Next we transition to questioning whether there's any real benefit for TV networks and pay-TV operators to stream linear channels to connected TVs. Colin observes that recent data from the BBC indicating very low levels of linear streaming on connected TVs appears to question the value of the Disney-Apple TV and Time Warner Cable-Xbox 360 deals. We speculate that these are mainly meant for 2nd or 3rd TVs that don't have pay-TV set-top boxes.

    Last, we chat briefly about the massive 3-part series that the NY Times ran just before Labor Day on ESPN's dominant role in college football - a long, but fascinating read. As I wrote, it's well worth the time for anyone interested in the influence of big time TV money not only on college sports but also on the broader American higher education system.

    Click here to listen to the podcast (17 minutes, 41 seconds)

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  • Huge NY Times Expose Now Running on ESPN's Transformative Role in College Football

    The NY Times is currently running a huge, 3-part, page 1 expose on ESPN's transformative role in college football. It's a must-read for anyone interested in a behind-the-scenes, in-depth account of how the sports network's massive financial strength has completely changed college football, from game day and time scheduling to conference re-alignments to how star players are created. Even more broadly, the article speaks to the pervasive role college football now plays in American higher education.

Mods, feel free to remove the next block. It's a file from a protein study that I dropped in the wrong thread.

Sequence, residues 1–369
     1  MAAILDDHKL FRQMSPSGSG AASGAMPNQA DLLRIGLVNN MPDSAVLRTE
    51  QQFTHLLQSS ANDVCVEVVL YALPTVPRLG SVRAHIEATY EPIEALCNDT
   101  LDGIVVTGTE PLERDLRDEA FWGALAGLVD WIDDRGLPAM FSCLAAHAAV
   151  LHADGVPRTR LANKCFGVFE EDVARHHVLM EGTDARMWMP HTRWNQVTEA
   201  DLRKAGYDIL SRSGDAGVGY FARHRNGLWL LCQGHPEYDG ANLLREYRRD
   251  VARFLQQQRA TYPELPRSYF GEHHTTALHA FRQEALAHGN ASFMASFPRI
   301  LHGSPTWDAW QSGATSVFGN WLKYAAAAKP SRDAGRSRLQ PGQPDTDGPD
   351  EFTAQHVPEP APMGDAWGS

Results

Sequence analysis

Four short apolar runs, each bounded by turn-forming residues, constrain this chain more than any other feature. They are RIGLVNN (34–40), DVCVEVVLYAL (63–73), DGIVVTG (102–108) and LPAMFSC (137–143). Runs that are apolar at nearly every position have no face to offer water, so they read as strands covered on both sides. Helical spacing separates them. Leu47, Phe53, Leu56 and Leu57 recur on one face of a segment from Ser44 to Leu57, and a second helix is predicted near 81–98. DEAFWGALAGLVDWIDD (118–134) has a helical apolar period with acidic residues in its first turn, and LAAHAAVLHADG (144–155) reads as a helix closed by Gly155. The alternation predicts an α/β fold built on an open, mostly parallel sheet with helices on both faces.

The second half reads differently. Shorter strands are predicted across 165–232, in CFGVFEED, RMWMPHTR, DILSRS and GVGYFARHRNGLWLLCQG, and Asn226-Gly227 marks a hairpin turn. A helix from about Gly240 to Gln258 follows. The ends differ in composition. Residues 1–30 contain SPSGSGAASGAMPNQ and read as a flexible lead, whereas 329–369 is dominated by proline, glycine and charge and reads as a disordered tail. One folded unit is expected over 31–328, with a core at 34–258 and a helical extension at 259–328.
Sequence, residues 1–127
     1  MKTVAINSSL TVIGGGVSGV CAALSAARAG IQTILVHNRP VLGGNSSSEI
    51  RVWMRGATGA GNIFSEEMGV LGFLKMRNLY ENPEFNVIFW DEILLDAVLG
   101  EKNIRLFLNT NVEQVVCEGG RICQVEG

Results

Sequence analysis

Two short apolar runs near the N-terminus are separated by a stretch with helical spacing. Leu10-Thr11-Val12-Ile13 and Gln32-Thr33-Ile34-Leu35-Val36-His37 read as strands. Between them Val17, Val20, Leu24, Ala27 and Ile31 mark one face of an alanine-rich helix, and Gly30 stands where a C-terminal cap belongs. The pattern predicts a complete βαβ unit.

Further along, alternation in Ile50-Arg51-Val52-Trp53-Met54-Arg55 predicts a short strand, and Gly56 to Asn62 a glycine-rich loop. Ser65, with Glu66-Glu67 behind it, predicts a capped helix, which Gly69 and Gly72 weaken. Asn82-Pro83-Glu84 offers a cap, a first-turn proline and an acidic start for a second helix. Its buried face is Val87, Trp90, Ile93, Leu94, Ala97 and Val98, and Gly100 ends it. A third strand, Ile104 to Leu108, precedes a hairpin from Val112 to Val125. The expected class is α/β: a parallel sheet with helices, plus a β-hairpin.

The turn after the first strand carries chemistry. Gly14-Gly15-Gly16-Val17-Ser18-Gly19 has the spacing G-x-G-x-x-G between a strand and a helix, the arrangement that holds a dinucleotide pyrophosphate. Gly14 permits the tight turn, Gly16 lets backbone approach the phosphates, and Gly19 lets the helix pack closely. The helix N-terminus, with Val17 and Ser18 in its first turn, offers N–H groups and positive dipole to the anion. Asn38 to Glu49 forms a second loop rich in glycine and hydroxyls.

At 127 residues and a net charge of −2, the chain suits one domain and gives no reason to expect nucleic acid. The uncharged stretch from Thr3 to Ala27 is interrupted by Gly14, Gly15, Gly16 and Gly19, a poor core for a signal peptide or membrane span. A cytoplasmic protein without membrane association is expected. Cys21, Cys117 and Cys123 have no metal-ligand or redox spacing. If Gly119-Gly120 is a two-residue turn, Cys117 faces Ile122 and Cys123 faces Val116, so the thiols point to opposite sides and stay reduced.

A key focus of the first two parts, here and here, is the willingness of particular schools (e.g. Texas Christian, Boise State, Louisville) to play weekday night games in order to provide ESPN live football throughout the week. Various representatives of the schools are quoted recognizing the coverage they received from ESPN as being critical to raising their schools' visibility and profiles. For ESPN, importantly, these mid-week games and assorted promotional activities showcased for still other schools how valuable being a flexible partner for ESPN can be.

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  • A Classic TV Everywhere Moment Watching the Celtics-Heat On WatchESPN

    I had a classic TV Everywhere moment tonight I thought I'd quickly share. I got back to my hotel room in NYC after dinner, flipped on the TV to watch the Celtics try to break the Heat's winning streak and discovered ESPN and many other channels weren't working.

    But instead of calling the front desk, waiting for a technician, keeping my fingers crossed, etc. (guessing my fellow travelers know this experience too well), I fired up WatchESPN, entered my Comcast credentials and was watching online within minutes. For the most part, video quality was very strong. The key was being able to watch via the hotel's WiFi network because the stream would have drained my 2GB Verizon data cap.